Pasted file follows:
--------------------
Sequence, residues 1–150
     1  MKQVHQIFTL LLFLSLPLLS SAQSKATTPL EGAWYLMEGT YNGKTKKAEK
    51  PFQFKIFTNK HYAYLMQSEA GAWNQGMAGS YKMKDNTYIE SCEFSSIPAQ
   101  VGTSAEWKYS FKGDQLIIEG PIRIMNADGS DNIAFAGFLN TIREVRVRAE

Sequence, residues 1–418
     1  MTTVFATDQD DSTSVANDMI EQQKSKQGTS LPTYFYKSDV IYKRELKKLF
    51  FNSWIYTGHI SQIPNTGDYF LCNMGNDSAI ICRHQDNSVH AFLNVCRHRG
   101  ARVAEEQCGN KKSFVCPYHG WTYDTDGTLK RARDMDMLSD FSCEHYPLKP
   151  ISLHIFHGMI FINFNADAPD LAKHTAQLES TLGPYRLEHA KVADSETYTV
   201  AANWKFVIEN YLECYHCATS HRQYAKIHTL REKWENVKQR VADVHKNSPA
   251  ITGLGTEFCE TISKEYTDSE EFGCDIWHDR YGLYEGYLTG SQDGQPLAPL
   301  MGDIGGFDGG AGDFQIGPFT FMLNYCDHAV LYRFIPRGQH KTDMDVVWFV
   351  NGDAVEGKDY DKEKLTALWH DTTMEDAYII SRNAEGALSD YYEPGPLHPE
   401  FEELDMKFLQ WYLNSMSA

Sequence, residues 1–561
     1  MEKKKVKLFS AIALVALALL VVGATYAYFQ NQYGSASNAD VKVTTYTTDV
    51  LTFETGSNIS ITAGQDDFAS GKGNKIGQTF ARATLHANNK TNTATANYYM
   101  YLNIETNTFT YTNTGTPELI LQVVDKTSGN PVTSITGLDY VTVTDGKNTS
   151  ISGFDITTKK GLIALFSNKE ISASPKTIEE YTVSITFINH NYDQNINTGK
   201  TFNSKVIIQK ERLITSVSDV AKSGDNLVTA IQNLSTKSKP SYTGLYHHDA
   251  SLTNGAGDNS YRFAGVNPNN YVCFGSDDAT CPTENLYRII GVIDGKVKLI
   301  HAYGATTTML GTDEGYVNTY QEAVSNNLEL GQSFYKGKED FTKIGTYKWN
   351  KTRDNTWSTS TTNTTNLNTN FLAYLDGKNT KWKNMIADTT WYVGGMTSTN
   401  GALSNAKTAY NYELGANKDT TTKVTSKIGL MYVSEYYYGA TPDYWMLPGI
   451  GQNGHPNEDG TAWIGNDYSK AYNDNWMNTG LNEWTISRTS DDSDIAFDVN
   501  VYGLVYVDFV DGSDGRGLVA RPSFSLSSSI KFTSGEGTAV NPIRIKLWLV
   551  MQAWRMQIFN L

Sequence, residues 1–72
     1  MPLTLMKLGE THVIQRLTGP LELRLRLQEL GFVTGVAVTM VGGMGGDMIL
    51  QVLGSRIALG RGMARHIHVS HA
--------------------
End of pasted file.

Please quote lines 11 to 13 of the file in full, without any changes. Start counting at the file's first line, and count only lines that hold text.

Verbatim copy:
   251  ITGLGTEFCE TISKEYTDSE EFGCDIWHDR YGLYEGYLTG SQDGQPLAPL
   301  MGDIGGFDGG AGDFQIGPFT FMLNYCDHAV LYRFIPRGQH KTDMDVVWFV
   351  NGDAVEGKDY DKEKLTALWH DTTMEDAYII SRNAEGALSD YYEPGPLHPE